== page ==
Around 25,000 asylum-seekers who were ordered under former President Donald Trump to wait in Mexico while U.S. immigration courts processed their requests will now be allowed to cross the border starting next week, the Biden administration announced Friday.
The Department of Homeland Security said the change in plans for those currently placed in Migrant Protection Protocols (MPP) -- often referred to as "Remain in Mexico" -- will go into effect on Feb. 19. The Trump administration introduced the policy in January 2019 and said it was critical to reversing a surge of asylum-seekers that peaked that year.
"As President Biden has made clear, the U.S. government is committed to rebuilding a safe, orderly, and humane immigration system," Secretary of Homeland Security Alejandro Mayorkas said in a statement. "This latest action is another step in our commitment to reform immigration policies that do not align with our nation’s values."
The Biden administration estimates that around 25,000 individuals enrolled in the protocols still have active cases.
"Individuals should not take any action at this time and should remain where they are to await further instructions," Homeland Security said Friday. "We will soon announce a virtual registration process that will be accessible from any location."
"Individuals outside of the United States who were not returned to Mexico under MPP or who do not have active immigration court cases will not be considered for participation in this program and should await further instructions," the department added.
Homeland Security also warned migrants Friday that the announcement "should not be interpreted as an opening for people to migrate irregularly to the United States.
"Eligible individuals will only be allowed to enter through designated ports of entry at designated times," it added.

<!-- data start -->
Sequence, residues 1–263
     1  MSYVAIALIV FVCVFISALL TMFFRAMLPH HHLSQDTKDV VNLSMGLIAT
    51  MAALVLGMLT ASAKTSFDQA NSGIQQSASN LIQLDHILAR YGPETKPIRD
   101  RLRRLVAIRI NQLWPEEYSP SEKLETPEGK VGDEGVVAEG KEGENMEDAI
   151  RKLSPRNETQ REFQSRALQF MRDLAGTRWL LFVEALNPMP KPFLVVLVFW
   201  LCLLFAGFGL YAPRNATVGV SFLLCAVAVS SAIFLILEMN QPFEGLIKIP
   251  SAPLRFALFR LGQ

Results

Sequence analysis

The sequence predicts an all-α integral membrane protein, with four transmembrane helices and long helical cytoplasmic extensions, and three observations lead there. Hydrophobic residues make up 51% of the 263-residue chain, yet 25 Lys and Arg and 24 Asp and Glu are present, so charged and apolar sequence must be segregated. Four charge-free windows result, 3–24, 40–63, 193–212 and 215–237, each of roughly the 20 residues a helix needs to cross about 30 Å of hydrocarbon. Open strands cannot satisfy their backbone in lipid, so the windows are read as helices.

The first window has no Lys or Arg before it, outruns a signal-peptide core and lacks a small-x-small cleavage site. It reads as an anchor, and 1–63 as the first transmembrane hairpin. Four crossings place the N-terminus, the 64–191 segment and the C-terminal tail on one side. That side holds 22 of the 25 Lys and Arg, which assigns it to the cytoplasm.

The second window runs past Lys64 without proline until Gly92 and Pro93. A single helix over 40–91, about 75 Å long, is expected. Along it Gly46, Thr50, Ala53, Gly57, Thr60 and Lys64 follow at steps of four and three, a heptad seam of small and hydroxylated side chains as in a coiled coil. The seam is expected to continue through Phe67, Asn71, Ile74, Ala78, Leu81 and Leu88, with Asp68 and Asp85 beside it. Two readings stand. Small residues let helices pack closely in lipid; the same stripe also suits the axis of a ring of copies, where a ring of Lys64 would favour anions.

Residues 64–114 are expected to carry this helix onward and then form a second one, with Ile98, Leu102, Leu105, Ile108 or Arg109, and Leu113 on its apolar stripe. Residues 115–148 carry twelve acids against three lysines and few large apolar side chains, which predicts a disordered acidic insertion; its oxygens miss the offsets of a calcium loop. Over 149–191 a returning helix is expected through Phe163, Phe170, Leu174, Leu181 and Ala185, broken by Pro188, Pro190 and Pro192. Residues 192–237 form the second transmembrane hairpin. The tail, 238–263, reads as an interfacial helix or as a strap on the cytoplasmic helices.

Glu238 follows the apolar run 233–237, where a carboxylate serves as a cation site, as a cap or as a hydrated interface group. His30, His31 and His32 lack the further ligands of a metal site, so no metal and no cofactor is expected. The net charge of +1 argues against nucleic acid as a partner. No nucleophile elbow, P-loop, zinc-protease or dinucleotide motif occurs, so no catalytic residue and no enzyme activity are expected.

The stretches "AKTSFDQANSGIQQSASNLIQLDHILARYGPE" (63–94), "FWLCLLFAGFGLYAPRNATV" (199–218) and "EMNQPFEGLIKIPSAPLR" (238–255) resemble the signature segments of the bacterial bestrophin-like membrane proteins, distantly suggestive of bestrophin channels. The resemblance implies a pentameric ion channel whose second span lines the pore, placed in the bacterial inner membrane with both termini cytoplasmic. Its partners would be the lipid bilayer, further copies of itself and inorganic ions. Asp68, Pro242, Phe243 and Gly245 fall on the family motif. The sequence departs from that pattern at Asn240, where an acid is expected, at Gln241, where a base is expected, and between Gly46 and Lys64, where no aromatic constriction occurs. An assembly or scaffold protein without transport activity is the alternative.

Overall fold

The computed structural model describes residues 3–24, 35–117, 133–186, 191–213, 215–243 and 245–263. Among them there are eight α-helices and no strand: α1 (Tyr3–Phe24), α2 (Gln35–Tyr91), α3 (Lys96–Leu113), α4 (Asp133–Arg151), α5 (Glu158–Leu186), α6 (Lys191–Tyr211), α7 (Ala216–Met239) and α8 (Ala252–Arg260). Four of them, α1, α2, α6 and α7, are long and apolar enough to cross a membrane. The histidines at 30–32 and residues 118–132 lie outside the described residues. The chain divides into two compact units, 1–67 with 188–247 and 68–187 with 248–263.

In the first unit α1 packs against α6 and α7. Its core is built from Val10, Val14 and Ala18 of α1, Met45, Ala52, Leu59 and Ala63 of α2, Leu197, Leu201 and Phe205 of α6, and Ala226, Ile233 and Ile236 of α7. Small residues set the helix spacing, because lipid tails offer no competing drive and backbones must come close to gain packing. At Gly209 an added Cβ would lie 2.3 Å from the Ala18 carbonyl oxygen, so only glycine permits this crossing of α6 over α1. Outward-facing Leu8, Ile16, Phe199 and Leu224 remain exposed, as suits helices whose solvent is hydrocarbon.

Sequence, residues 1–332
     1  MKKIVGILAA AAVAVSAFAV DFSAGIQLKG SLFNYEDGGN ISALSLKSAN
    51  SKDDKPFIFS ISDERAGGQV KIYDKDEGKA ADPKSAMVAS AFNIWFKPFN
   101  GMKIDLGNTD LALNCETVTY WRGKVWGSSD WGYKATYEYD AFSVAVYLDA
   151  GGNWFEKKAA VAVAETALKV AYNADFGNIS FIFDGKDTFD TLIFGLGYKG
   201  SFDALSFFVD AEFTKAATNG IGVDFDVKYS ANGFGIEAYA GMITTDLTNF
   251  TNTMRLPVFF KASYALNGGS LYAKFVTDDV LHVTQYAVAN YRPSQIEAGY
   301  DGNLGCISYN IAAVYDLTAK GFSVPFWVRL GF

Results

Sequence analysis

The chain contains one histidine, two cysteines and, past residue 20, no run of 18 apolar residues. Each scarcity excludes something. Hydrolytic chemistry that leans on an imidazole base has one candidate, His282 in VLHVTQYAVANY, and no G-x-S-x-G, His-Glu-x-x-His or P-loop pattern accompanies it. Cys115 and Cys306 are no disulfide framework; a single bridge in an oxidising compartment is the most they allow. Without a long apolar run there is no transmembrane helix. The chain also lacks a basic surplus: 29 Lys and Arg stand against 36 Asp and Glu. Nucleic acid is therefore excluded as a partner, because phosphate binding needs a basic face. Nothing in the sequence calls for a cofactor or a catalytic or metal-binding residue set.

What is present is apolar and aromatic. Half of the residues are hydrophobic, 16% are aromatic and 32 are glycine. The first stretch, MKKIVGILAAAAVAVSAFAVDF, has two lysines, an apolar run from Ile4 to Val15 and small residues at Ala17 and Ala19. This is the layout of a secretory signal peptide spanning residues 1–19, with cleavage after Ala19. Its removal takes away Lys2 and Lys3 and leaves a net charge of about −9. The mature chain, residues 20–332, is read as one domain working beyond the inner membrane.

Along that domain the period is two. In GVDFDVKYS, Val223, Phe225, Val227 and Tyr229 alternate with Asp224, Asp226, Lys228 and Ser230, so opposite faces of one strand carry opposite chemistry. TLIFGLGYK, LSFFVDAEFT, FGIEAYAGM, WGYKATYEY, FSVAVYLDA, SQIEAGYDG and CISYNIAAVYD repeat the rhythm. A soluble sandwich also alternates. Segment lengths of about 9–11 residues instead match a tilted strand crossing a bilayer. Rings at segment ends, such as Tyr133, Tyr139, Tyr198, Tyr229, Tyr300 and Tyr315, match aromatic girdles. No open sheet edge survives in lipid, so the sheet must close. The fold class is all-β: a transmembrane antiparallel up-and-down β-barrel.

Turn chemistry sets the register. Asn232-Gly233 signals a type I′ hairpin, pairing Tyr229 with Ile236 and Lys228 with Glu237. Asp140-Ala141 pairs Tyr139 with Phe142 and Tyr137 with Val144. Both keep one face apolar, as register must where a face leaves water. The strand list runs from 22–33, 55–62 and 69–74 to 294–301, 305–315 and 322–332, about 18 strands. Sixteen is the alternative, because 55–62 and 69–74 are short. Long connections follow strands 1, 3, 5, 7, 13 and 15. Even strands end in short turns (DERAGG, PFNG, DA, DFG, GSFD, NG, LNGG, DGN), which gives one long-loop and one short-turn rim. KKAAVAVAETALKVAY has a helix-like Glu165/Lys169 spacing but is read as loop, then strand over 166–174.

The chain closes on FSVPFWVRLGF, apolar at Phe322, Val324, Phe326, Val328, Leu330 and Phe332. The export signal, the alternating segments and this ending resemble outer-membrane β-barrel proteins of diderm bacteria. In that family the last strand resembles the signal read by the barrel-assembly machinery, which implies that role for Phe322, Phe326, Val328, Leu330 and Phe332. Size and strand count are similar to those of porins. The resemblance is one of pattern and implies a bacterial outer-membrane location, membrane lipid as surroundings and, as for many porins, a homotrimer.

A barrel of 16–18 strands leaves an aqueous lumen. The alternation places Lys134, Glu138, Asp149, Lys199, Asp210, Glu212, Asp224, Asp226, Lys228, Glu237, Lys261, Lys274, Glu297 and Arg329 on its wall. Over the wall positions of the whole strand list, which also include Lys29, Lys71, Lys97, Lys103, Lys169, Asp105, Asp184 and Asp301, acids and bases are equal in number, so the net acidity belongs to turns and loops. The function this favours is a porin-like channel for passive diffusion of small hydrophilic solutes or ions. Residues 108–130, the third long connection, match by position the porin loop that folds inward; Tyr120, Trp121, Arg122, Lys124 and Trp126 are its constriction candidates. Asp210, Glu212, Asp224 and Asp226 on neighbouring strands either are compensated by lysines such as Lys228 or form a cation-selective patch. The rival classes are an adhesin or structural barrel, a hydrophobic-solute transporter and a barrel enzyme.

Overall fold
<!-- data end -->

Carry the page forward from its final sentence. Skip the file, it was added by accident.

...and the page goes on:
Administration officials declined to name the ports of entry out of fear they may encourage a rush of people to those locations, according to The Associated Press.
Those who are processed under these new changes will be tested for COVID-19 before entering the U.S., Homeland Security said, yet it is unclear what the protocol will be for those whose results come back positive. Fox News has reached out to The White House for further comment.
On Biden's first day in office, Homeland Security had suspended the MPP policy for new arrivals. Since then, some asylum-seekers picked up at the border have been released in the U.S. with notices to appear in court.
Hearings for people enrolled in "Remain in Mexico" have also been suspended since June due to the coronavirus pandemic.
Advocates have argued that communication problems, including lack of working addresses in Mexico, caused some to miss hearings and lose their cases as a result.
Raul Ortiz, deputy chief of the Border Patrol, told the Associated Press Tuesday that more than 3,000 people had been stopped crossing the border illegally in each of the previous 10 days, compared to a daily average of 2,426 in January.
About 50 to 80 adults and children have been arriving daily since Jan. 27 at Catholic Charities of the Rio Grande Valley in Texas, which temporarily houses people released by the Border Patrol, said Sister Norma Pimentel, the group’s executive director. The charity tests for COVID-19 and sends anyone who tests positive to a hotel for isolation.
Jewish Family Service of San Diego housed 191 asylum-seekers the first 10 days of February after they were released by U.S. authorities, up from 144 in January and 54 in December, said Eitan Peled, the group’s border services advocate. They are quarantined in hotels for 10 days.
The Associated Press contributed to this report.